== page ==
The Dutch diaspora is the movement, migration, or scattering of the Dutch away from the Netherlands. Emigration from the Netherlands has been happening for at least the last eight centuries. In several former Dutch colonies and trading settlements, there are ethnic groups of partial Dutch ancestry. Emigrants from the Netherlands since the Second World War went mainly to the United States, Canada, Australia, New Zealand, and until the 1970s South Africa. There are recognisable Dutch immigrant communities in these countries. Smaller numbers of Dutch immigrants can be found in most developed countries. In the last decade, short-range cross-border migration has developed along the Netherlands borders with Belgium and Germany. The main motive is the lower price of housing, especially single-fam

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  • The Dutch diaspora is the movement, migration, or scattering of the Dutch away from the Netherlands. Emigration from the Netherlands has been happening for at least the last eight centuries. In several former Dutch colonies and trading settlements, there are ethnic groups of partial Dutch ancestry. Emigrants from the Netherlands since the Second World War went mainly to the United States, Canada, Australia, New Zealand, and until the 1970s South Africa. There are recognisable Dutch immigrant communities in these countries. Smaller numbers of Dutch immigrants can be found in most developed countries. In the last decade, short-range cross-border migration has developed along the Netherlands borders with Belgium and Germany. The main motive is the lower price of housing, especially single-family houses, in these countries: the buyers commute to work in the Netherlands, and the children may attend school there. Nevertheless, for official purposes they are counted as emigrants from the Netherlands, and as immigrants in Germany and Belgium. (en)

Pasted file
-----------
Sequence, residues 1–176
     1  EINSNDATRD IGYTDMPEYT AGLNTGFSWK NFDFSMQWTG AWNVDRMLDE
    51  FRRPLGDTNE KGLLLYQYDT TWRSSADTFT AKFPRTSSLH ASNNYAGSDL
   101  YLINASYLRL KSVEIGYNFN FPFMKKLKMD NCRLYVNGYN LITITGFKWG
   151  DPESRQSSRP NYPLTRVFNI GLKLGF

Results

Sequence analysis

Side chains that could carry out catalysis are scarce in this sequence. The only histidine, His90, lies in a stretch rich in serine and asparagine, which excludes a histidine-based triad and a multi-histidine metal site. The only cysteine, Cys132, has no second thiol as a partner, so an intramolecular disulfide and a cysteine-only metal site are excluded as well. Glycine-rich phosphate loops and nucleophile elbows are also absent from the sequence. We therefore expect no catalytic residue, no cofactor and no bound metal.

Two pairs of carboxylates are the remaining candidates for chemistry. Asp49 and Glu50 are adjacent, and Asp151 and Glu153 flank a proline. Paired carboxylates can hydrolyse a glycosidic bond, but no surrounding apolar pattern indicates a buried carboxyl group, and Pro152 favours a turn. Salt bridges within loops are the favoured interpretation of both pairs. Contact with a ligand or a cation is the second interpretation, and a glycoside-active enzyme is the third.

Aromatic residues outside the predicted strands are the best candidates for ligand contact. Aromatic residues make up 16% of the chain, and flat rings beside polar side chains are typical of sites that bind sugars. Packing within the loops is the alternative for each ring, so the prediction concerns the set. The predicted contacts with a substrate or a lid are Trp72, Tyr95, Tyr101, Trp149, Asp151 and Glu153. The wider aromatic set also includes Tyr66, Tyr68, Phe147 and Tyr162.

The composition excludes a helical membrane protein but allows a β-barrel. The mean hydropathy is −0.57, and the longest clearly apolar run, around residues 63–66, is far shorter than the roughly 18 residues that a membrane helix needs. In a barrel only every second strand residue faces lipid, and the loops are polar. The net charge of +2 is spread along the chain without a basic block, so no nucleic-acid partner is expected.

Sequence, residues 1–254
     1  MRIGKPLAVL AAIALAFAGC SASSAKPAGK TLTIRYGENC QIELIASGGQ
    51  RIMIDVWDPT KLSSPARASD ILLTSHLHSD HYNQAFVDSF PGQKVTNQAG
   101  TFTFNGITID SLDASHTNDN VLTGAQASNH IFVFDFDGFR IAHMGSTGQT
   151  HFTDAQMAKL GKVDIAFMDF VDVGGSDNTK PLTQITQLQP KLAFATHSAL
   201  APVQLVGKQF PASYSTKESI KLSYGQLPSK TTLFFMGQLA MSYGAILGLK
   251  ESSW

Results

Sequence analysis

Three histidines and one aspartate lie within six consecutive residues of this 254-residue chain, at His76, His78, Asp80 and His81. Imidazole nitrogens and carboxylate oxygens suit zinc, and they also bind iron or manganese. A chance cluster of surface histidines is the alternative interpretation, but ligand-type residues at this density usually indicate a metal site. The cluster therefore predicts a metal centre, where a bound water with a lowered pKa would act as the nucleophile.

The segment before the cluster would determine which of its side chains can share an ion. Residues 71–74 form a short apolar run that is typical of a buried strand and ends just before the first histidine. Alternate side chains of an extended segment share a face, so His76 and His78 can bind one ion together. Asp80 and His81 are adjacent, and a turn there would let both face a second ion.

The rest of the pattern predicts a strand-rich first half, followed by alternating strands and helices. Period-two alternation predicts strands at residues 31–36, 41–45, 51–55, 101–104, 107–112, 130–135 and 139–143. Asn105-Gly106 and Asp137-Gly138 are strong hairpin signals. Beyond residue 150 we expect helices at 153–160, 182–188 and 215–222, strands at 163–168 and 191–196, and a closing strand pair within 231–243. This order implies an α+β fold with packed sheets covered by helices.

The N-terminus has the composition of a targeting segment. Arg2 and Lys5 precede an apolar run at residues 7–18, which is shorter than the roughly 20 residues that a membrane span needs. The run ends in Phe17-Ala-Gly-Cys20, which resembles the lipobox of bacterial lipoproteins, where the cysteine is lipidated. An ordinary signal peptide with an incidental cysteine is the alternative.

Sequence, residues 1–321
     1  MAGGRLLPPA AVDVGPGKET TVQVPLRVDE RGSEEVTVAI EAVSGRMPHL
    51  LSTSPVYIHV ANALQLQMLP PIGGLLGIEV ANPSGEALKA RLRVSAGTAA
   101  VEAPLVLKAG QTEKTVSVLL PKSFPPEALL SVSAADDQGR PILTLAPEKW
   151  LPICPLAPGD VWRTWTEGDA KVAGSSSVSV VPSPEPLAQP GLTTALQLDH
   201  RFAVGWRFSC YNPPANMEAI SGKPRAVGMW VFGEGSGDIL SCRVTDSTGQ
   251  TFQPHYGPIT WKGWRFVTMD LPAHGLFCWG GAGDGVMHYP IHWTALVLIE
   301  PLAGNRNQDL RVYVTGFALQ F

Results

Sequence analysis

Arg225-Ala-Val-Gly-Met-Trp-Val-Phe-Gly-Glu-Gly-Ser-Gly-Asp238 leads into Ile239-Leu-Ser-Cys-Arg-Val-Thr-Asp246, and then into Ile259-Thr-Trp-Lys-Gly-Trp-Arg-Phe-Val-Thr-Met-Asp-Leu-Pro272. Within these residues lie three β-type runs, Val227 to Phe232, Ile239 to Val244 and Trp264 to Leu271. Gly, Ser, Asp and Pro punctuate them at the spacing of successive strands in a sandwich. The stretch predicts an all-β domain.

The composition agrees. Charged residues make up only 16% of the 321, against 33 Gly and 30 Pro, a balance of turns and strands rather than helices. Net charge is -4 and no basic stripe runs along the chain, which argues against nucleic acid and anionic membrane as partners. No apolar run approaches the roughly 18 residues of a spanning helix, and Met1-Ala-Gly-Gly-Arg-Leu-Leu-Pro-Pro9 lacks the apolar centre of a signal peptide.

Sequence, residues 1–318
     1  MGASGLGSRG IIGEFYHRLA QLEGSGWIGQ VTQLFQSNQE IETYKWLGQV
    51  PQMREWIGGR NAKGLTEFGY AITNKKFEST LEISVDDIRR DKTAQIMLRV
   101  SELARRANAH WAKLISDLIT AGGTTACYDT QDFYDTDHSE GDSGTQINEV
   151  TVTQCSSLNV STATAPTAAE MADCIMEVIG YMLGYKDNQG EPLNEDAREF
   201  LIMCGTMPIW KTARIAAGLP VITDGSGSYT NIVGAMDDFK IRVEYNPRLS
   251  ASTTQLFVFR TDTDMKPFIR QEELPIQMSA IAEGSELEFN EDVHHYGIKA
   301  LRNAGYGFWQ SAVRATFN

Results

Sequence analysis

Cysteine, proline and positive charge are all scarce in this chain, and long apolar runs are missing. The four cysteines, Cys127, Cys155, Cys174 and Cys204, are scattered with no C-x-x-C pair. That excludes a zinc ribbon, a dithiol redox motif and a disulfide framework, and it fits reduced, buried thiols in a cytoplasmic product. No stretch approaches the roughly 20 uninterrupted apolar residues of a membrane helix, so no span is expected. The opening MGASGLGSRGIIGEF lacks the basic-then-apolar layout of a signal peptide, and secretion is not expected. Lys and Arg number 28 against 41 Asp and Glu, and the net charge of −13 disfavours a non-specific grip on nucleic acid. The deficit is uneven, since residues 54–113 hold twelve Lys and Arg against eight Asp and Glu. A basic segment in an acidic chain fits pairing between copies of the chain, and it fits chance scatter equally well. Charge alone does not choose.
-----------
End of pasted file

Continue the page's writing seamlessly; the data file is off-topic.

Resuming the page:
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http://purl.org/linguistics/gold/hypernym
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  • The Dutch diaspora is the movement, migration, or scattering of the Dutch away from the Netherlands. Emigration from the Netherlands has been happening for at least the last eight centuries. In several former Dutch colonies and trading settlements, there are ethnic groups of partial Dutch ancestry. Emigrants from the Netherlands since the Second World War went mainly to the United States, Canada, Australia, New Zealand, and until the 1970s South Africa. There are recognisable Dutch immigrant communities in these countries. Smaller numbers of Dutch immigrants can be found in most developed countries. In the last decade, short-range cross-border migration has developed along the Netherlands borders with Belgium and Germany. The main motive is the lower price of housing, especially single-fam (en)
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  • Dutch diaspora (en)
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